Description

This invention relates to valve-lash adjustment systems for motor vehicle engines. In particular, it relates to valve-lash adjustment systems which include a hydraulic valve-lash adjuster assembly designed to be positioned between a free end of a valve stem of a spring-loaded valve of the engine and a movable cam surface so as to compensate for mechanical tolerances originating from manufacturing methods and for valve lash changes due to thermal expansion/contraction of the valve and associated engine components.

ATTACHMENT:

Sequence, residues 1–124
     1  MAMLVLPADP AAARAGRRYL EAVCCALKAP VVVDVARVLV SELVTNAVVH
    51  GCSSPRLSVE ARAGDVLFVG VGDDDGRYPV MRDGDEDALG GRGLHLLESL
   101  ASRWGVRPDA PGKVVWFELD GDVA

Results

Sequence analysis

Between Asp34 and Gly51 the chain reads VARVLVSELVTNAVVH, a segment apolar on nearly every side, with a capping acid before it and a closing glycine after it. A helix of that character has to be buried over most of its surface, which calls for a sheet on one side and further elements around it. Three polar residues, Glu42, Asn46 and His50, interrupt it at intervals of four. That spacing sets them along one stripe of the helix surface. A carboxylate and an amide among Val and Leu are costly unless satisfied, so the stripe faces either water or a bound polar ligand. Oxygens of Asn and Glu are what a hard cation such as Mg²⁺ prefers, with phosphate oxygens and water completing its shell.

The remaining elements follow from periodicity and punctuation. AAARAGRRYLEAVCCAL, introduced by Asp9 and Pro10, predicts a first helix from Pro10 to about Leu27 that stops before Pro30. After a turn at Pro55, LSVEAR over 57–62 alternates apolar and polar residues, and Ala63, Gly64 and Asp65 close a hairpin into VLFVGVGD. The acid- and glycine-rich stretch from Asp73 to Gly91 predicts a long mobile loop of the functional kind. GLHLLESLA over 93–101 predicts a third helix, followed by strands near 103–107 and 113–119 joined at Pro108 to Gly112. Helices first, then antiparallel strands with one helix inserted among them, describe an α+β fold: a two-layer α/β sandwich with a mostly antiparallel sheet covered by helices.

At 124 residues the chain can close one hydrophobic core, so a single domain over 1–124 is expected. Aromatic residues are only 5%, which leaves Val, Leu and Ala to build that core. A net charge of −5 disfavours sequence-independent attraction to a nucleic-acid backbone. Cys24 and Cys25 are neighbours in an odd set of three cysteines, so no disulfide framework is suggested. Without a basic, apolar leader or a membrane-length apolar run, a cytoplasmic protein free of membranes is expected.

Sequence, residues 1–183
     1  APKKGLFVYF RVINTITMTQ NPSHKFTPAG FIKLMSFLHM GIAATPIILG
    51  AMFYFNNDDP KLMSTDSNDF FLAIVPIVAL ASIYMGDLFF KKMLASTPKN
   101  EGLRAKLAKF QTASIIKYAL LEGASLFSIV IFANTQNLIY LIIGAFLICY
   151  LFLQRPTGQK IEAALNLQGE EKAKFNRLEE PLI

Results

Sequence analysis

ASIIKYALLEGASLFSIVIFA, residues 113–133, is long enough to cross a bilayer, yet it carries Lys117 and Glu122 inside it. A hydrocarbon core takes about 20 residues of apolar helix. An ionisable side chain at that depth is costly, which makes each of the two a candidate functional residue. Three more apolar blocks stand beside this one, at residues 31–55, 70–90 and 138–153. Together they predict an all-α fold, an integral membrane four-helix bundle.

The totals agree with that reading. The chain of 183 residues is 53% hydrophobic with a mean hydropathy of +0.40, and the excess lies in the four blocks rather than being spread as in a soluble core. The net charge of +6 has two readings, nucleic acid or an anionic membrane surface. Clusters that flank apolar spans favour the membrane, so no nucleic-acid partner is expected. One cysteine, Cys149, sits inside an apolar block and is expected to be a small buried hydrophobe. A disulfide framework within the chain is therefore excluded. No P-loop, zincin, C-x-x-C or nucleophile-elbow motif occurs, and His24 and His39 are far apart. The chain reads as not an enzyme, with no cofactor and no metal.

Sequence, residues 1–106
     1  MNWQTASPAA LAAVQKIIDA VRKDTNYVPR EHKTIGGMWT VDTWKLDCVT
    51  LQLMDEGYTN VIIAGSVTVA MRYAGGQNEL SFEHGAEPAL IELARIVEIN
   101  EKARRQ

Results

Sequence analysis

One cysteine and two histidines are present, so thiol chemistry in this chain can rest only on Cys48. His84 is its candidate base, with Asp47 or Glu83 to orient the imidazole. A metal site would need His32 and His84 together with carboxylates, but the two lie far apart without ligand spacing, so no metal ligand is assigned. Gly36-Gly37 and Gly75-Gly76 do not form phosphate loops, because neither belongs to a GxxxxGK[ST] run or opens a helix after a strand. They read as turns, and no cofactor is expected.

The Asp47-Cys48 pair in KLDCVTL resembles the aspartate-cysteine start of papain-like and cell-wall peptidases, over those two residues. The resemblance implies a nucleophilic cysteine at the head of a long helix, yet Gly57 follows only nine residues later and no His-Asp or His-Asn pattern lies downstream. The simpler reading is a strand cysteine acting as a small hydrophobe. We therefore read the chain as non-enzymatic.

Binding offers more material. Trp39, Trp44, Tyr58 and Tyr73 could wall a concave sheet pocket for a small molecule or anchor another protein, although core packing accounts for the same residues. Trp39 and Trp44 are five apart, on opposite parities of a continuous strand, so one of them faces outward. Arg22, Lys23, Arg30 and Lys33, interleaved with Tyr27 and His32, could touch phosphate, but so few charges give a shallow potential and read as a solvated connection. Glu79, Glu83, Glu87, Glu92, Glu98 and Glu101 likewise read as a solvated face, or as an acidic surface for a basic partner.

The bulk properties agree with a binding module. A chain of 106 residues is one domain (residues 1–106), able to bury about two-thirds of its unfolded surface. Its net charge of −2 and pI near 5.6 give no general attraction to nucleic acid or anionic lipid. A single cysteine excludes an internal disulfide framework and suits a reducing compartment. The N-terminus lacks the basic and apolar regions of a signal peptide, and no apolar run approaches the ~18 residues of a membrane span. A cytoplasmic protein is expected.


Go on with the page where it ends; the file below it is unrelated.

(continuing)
Hydraulic valve-lash adjusters for use in compensating for valve lash generated during the operation of valve trains in overhead cam-operated internal combustion engines have been known for many years. Many different designs of such hydraulic valve-lash adjusters have been described in the prior art, but, in general, they all comprise a reciprocably movable cylinder body, a piston slidably mounted in said cylinder body to define therebetween a high-pressure, variable-volume chamber filled with hydraulic fluid, a resilient biasing means which biases said piston away from said cylinder, and a one-way valve-controlled passage in said piston connecting said high-pressure chamber to a low-pressure chamber which contains hydraulic fluid and is located within a tappet housing, which tappet housing contains said hydraulic valve-lash adjuster. Such hydraulic valve-lash adjusters operate by extending in overall length so as to occupy substantially all of the distance existing between a free end of a valve stem of an engine valve and a movable cam surface associated with that valve, when that engine valve is in a closed position. During the extension of the hydraulic valve-lash adjuster to do this, the one-way valve in the piston opens to allow flow of hydraulic fluid from the low-pressure chamber into the high-pressure chamber until the high-pressure chamber is full of hydraulic fluid and the pressures between the low-pressure chamber and the high-pressure chamber equalize.